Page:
Can You Eat Fruit on a Low-Carb Diet? It Depends

June 4, 2015 Updated: June 7, 2015
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Ask any random person on the street whether fruit is healthy and I’ll bet that 9 out of 10 will say that it is.

Pretty much everyone “knows” that fruit is a health food … it’s right up there with vegetables, right?

However, in certain circles, many people think that fruit is unhealthy.

There are even people who go to extremes and say that fruit is downright poisonous.

These people are usually low-carbers, who do not eat fruit for a very specific reason.

(nicoletaionescu/iStock)
The primary goal of low-carb diets is carb restriction (duh). (nicoletaionescu/iStock)

Fruits and Low-Carb: The Dilemma

The primary goal of low-carb diets is carb restriction (duh).

This involves limiting the foods that are highest in carbohydrates, including the usual suspects like candy, sugary soft drinks, root vegetables like potatoes, as well as grain products like pasta and bread.

But fruit, despite the health halo, also tend to be fairly rich in carbohydrates, primarily the simple sugars glucose and fructose.

Here is the net carb (total carbs and fiber) count for a few fruits:

Screen Shot 2015-06-03 at 4.36.23 PM

 

Fruits are much higher in carbohydrates than low-carb veggies, but low in carbs compared to foods like bread or pasta.

It’s Best to Spend Your Carb Budget Wisely

(kzenon/iStock)
(kzenon/iStock)

 

It’s important to keep in mind that not all low-carb diets are the same. There is no clear definition of exactly what constitutes a low-carb diet.

Whether any one person can or should include fruit in his or her diet depends on a lot of things.

This includes current goals, activity levels, current metabolic health, as well as personal preference.

A person who eats 100–150 grams of carbs per day can easily fit in several pieces of fruit per day without going over their limit.

However, someone who is on a very low-carb ketogenic diet with under 50 grams per day doesn’t really have much room.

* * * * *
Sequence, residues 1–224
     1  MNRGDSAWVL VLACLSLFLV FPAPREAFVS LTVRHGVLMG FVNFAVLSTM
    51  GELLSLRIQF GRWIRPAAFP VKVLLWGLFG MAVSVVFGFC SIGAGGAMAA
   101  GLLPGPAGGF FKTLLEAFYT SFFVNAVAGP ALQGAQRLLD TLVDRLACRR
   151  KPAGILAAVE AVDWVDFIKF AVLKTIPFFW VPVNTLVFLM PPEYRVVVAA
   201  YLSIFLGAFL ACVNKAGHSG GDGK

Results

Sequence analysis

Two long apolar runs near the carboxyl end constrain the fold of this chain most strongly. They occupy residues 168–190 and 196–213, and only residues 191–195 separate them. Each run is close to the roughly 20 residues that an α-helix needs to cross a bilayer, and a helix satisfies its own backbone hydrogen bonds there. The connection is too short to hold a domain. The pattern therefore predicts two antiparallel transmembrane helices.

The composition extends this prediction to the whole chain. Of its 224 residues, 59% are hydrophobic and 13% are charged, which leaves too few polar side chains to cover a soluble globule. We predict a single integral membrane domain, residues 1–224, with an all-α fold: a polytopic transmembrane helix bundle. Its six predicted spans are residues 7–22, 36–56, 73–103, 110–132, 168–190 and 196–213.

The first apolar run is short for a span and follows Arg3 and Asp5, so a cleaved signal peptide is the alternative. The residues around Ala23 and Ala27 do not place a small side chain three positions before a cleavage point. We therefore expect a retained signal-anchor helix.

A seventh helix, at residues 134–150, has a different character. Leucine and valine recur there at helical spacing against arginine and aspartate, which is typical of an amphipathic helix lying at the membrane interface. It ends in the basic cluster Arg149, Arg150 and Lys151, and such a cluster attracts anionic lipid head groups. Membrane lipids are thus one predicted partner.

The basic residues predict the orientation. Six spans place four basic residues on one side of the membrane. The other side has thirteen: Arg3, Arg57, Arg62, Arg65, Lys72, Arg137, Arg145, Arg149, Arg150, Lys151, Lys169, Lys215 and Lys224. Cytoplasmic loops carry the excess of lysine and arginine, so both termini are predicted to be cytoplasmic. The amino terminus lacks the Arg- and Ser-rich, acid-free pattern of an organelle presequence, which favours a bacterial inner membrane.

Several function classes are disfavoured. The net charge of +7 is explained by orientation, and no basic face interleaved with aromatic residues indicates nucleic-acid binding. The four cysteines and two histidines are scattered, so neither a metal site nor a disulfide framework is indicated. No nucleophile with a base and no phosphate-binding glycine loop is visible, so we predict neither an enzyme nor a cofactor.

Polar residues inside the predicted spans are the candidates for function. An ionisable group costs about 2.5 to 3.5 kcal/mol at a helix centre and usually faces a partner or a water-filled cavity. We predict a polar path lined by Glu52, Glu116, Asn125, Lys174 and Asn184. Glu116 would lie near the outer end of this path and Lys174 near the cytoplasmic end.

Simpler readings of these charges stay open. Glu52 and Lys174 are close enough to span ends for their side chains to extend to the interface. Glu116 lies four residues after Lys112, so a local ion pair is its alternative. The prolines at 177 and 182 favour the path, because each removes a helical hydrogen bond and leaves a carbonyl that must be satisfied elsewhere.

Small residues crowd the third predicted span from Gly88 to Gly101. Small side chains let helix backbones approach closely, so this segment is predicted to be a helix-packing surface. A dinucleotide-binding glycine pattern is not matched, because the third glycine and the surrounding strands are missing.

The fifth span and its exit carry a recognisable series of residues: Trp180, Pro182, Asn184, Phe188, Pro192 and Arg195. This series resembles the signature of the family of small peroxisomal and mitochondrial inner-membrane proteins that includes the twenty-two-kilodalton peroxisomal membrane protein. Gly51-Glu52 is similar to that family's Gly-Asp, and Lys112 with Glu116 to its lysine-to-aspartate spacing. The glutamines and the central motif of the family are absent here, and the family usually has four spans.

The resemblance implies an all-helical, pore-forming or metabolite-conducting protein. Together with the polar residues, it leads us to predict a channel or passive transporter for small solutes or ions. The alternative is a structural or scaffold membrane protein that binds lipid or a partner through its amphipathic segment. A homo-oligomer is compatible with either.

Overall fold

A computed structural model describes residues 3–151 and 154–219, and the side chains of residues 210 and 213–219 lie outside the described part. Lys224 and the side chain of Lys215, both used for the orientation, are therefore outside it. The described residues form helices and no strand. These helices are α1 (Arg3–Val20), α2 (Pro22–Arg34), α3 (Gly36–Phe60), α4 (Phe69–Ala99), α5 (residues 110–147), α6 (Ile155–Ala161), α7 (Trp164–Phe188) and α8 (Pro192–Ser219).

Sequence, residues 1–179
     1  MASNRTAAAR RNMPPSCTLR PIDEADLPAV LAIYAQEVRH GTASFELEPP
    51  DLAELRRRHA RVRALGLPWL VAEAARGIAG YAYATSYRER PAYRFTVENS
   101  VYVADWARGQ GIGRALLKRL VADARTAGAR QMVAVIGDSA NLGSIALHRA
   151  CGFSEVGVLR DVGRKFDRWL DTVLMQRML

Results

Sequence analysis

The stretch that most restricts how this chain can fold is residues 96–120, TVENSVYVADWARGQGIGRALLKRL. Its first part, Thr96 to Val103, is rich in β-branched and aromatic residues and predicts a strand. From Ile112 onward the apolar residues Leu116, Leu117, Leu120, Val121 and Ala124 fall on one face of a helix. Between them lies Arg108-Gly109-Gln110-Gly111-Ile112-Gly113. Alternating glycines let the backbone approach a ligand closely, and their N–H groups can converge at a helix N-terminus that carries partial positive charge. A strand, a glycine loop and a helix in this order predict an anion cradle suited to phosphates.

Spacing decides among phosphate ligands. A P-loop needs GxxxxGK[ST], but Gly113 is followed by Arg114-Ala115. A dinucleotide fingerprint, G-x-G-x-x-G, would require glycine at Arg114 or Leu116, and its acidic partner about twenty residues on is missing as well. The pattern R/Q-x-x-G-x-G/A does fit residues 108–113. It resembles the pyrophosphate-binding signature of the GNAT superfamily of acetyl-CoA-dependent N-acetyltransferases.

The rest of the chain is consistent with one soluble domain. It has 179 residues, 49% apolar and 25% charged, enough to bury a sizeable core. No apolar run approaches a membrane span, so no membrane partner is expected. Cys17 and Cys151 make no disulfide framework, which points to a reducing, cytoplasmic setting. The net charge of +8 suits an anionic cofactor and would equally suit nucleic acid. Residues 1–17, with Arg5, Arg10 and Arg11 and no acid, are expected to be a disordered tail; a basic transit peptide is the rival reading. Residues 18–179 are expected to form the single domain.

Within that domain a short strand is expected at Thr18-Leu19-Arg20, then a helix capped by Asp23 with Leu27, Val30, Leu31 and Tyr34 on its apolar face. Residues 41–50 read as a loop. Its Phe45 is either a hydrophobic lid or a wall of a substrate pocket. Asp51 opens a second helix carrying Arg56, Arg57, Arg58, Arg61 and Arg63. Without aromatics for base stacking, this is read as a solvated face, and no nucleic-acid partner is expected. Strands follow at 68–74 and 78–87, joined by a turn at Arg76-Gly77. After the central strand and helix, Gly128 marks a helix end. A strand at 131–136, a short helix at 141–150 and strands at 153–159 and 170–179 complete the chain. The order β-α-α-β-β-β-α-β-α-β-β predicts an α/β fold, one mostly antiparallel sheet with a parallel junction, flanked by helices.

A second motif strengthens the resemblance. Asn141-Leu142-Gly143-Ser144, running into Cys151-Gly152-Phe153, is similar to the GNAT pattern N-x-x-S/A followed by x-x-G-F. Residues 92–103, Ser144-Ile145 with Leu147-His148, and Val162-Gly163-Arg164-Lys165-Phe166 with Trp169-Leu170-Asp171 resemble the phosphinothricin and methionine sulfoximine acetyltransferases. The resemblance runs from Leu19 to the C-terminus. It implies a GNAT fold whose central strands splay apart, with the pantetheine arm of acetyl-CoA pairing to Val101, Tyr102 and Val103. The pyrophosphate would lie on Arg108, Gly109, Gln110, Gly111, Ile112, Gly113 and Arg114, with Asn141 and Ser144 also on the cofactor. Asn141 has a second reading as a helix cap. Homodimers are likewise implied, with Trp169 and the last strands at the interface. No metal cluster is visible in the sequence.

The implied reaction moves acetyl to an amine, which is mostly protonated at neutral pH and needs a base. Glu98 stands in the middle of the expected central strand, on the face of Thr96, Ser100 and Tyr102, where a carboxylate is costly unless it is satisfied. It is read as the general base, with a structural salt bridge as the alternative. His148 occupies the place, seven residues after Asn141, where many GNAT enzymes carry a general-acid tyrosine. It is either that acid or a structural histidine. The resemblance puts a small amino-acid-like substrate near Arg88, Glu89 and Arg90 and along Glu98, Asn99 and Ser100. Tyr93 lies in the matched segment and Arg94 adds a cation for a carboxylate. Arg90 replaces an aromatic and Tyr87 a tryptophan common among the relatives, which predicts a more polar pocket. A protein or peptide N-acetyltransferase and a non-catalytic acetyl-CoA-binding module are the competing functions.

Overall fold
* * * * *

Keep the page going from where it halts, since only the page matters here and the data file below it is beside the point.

Instead of spending all the carb budget on 1 or 2 pieces of fruit, it would be better spent eating plenty of low-carb vegetables, which are much more nutritious, calorie for calorie.

What About the Fructose?

(lisaclarke/Flickr/CC BY-ND 2.0)
The harmful effects of fructose apply to fructose from added sugars. (lisaclarke/Flickr/CC BY-ND 2.0)

 

There has been a lot of talk about the harmful effects of sugar, mainly because it contains so much fructose.

There is now evidence that when consumed in excess, fructose can lead to all sorts of problems like obesity, Type 2 diabetes, and metabolic syndrome.

However, it is very important to realize that fructose is only harmful in a certain context. For people who are inactive and eat a high-carb Western diet, consuming a lot of fructose can cause harm.

But people who are healthy, lean and active can afford to eat some fructose. Instead of being turned into fat, it will go toward replenishing glycogen stores in the liver.

If you’re already eating a healthy, real food based diet with plenty of protein and fat, then small amounts of fructose (from fruit) won’t cause harm.

Fruits also happen to contain fiber, lots of water and significant chewing resistance. It is almost impossible to overeat fructose, simply by eating fruit.

The harmful effects of fructose apply to fructose from added sugars, not from real foods like fruits. 

However, fruit juice is a different story. There’s no fiber in it, no chewing resistance, and it contains pretty much the same amount of sugar as Coca Cola. Fruit is okay, fruit juice is not.

Fruit Is Generally Healthy

Fruits can definitely be parts of a healthy diet based on real foods. (Nana B Agyei/Flickr/CC BY-ND 2.0)
Fruits can definitely be part of a healthy diet based on real foods. (Nana B Agyei/Flickr/CC BY-ND 2.0)

 

The best way to get into nutritional ketosis and experience the full metabolic benefits of low-carb diets is to reduce carbs, usually below 50 grams per day. This includes fruit.

There are many reasons people adopt such a diet, some do it for health reasons such as obesity, diabetes, or epilepsy. Others simply feel best eating that way.

There is no reason to discourage these people from avoiding fruits. There is no nutrient in them that you can’t get from vegetables.

But even though some low-carbers may do best limiting fruit, the same does not apply to the other 90 something percent of the population. 

For others, fruits are healthy, unprocessed foods with fiber, vitamins, and minerals.

Fruits are certainly much healthier options than the processed foods that most people are putting in their bodies every day.

Take Home Message

People who are on  low-carb or ketogenic diets may want to avoid fruit, because it can prevent ketosis.

For everyone else, fruits are healthy foods and can definitely be parts of a healthy, real-food based diet.

Kris Gunnars is a medical student and certified personal trainer with a passion for evidence-based nutrition. This article was originally published on AuthorityNutrition.com